Al-Qaeda leader Ayman al-Zawahiri, who had a $25 million bounty on his head, was killed in a drone strike at Sherpur area in Afghanistan, near the capital city of Kabul on Saturday, July 30. The news of his death was first shared by US President Joe Biden in a live address to the US on Monday afternoon (August 1).
I’m addressing the nation on a successful counterterrorism operation. https://t.co/SgTVaszA3s— President Biden (@POTUS) August 1, 2022
In his statement, Biden said, "This terrorist leader is no more. Zawahiri was a terrorist leader and second to Osama Bin Laden. He was deeply involved in planning 9/11 and murdering 2,977 people in US in 9/11. He played a key role in bombing US embassies in Kenya and Tanzania."
Taliban reacts: Islamic Emirate spokesman Zabiullah Mujahid in a statement confirmed the strike and condemned it, calling it violation of "international principles", Aghanistan's TOLO news agency reported.
Afghanistan's interior ministry spokesman Abdl Nafi Takoor, however, said that a house was bombed in Sherpur on Sunday (Afghanistan time) but no casualty was reported as the house was empty.
This is one of the first attacks by US since the country withdrew from Afghan soil on August 31, 2021. At the time of the latest strike too, there were no soldiers on the ground.
But who is Ayman al-Zawahiri, the leader of Al-Qaeda who was on the radar of US?
1. An Egyptian physician: Ayman Mohammed Rabie al-Zawahiri was born in Egypt in 1951. He hailed from a wealthy family which had its roots in the Haribi Tribe in Zawahir, a small town in Saudi Arabia. He graduated in medicine in 1974 from the Cairo University. After that, he served as a surgeon in the Egyptian Army. In 1978, he obtained a masters degree in surgery.
2. Zawahiri in Egypt: Zawahiri already got into the fold of Jihad or the fight for Islam when he was in Egypt. At the age of 14, he joined the Muslim brotherhood, a Sunni Islamic organisation founded in Egypt. When Sayyid Qutb, a member of Muslim Brotherhood was executed by the Egyptian government in 1966, Zawahiri joined four other students in forming an underground cell to overthrow the government and establish an Islamic state.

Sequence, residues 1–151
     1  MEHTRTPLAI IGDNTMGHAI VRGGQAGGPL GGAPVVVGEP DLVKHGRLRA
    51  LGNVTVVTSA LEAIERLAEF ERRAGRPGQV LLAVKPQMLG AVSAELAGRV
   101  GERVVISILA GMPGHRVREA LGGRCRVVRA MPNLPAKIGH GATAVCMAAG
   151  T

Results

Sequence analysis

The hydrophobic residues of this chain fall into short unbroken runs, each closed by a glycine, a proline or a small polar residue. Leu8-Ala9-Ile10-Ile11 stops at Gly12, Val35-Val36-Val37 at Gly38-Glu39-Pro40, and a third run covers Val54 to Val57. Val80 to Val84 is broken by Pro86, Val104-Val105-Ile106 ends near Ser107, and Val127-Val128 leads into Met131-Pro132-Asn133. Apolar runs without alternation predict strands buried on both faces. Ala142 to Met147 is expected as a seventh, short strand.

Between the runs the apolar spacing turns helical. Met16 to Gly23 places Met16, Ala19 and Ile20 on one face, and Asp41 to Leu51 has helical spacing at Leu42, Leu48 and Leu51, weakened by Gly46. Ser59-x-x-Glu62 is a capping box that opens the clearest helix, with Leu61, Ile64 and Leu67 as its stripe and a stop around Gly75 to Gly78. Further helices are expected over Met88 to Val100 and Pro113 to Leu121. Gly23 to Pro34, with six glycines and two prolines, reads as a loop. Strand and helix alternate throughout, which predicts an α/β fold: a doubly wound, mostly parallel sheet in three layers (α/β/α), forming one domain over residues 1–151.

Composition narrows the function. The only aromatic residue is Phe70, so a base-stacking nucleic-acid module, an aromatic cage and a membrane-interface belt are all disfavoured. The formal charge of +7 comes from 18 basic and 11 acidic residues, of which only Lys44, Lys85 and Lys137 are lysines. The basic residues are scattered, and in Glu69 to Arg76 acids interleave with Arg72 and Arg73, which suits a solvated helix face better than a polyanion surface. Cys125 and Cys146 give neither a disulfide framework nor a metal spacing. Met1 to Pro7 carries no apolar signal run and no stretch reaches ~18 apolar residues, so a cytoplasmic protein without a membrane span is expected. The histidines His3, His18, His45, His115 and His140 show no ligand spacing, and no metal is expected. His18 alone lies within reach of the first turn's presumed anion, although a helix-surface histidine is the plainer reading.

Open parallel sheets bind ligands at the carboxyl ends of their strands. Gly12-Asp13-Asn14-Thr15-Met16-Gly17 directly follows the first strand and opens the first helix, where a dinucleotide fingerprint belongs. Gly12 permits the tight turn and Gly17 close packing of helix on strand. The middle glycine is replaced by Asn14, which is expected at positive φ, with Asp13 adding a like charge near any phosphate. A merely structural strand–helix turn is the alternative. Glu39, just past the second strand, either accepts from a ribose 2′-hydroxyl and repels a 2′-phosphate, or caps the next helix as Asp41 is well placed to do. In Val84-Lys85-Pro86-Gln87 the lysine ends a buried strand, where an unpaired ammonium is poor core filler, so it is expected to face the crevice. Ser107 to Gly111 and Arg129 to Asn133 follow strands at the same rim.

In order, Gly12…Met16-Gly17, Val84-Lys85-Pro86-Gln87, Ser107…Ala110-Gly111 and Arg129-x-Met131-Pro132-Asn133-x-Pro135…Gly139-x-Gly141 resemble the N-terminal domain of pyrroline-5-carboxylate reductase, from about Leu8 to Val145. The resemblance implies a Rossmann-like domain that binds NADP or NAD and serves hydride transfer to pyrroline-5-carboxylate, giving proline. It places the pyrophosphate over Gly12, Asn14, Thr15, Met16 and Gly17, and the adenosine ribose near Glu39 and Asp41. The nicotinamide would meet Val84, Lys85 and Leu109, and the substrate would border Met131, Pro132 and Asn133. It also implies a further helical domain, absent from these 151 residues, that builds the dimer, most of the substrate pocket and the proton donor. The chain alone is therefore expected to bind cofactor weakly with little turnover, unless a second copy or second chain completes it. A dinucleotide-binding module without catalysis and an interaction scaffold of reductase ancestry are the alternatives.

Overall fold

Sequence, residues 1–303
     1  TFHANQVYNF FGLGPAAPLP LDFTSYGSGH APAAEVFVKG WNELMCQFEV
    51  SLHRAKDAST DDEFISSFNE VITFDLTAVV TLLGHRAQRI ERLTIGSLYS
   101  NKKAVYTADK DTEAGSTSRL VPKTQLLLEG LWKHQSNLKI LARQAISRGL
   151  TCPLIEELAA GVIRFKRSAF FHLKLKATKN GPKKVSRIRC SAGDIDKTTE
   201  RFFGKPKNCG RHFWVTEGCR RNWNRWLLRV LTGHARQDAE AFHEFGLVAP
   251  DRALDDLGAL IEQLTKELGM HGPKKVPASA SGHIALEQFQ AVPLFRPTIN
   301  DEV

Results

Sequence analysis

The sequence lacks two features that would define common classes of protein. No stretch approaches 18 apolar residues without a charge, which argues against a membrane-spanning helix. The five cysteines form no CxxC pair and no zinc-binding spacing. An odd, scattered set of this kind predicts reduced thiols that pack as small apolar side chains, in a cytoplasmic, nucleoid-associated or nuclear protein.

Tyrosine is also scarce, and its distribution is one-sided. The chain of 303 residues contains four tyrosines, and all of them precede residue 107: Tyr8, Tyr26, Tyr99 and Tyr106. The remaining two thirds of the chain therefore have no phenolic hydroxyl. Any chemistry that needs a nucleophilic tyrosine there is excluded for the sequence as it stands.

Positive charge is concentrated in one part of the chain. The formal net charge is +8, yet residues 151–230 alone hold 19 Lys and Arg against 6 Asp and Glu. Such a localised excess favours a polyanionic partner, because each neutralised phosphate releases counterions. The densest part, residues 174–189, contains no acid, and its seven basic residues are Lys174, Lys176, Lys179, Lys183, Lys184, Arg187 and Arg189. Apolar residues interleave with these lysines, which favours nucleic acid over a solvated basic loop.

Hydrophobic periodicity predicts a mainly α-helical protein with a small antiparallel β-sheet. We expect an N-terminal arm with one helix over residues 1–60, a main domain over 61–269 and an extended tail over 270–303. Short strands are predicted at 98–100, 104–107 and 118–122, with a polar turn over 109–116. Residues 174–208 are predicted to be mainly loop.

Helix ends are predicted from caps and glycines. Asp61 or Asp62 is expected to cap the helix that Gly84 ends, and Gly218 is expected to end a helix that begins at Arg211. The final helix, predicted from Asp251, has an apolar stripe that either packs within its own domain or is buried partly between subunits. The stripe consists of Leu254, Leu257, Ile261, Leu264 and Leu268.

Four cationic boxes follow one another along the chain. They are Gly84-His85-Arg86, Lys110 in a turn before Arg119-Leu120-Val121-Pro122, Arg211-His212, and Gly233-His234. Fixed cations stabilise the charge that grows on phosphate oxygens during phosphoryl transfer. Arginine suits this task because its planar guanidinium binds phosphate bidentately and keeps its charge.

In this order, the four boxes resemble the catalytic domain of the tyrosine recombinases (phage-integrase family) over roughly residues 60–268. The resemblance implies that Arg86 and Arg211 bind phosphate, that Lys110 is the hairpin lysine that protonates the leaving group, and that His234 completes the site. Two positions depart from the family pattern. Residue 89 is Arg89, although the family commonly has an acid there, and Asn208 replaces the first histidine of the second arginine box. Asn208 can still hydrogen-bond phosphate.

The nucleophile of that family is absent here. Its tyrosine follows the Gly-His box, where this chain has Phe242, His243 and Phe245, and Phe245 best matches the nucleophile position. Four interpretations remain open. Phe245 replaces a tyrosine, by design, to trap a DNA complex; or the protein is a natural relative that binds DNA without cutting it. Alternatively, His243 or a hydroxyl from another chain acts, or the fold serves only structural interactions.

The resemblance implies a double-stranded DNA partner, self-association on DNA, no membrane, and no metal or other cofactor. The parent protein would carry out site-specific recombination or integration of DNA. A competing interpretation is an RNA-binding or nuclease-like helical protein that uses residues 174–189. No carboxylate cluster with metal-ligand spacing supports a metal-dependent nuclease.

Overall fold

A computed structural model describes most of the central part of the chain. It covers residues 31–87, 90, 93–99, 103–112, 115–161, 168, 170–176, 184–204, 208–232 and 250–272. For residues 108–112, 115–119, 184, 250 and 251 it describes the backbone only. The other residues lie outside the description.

3. Merge with Al-Qaeda: In 1985, Zawahiri travelled to Saudi Arabia to perform Haj. He stayed in Jeddah for a year, where he practiced medicine. In 1986, he met Osama Bin Laden, the leader of Al-Qaeda. He merged his organisation with Al-Qaeda and rose through the ranks to become Bin Laden's personal advisor and physician.
4. Terror attacks of 1998: In August 1998, al-Zawahiri and Osama Bin Laden were listed by US as masterminds behind the attacks on US embassies in Kenya and Tanzania. A series of truck bomb explosions occurred in the two cities. The attack also brought the two men from Al-Qaeda in the global eye.
5. Most Wanted Terrorist after 9/11: After the September 11, 2001 attacks on World Trade Centers in New York, Zawahiri and Osama Bin Laden were listed by FBI in its Top 22 Most Wanted Terrorist list. The list was released by then American President George W Bush. The same year, in November 2001, the two were given Afghanistan citizenship by the Taliban.
6. Al-Qaeda's head: By 2009, US had figured out that Zawahiri was the operational and strategic head of the group Al-Qaeda and Bin Laden was only an ideological figurehead. US considered Zawahiri as a bigger threat than Laden. After the death of Laden on May 2, 2011, Zawahiri officially took over the role of the head of Al-Qaeda. Zawahiri's ascension to the top role in Al-Qaeda was even announced on several websites of the group in June 2016.
7. The Tapes: Zawahiri regularly issued video tapes; often threatening America. In November 2021, he had released a video criticising the United Nations for being hostile to Islam. He also called out Islamic countries against the threat UN posed. The last time he had threatened India was in April 2022, when he released a nine-minute video on the Karnataka Hijab Row, on the channel's official Shabab media where he praised college girl Muskaan Khan for raising her voice against students who objected to her wearing a burqa.
Who's the leader of Al-Qaeda now? After the death of Zawahiri, there are three leaders who can possibly replace the former Al-Qaeda Chief. They are
However, there is no clear succession plan as yet.
Does Al-Qaeda pose a threat to the world and US? According to United Nations Security Council (UNSC) excerpt released on July 15, 2022, Al-Qaeda, at present, is only limited to Afghanistan and lacks external operational capacity. It also cannot afford to cause any embarrassment to the Taliban in Afghanistan, whose government is still to be officially recognised by many countries. Therefore, it doesn't appear that the group will resort to any notorious activity in the foreseeable future.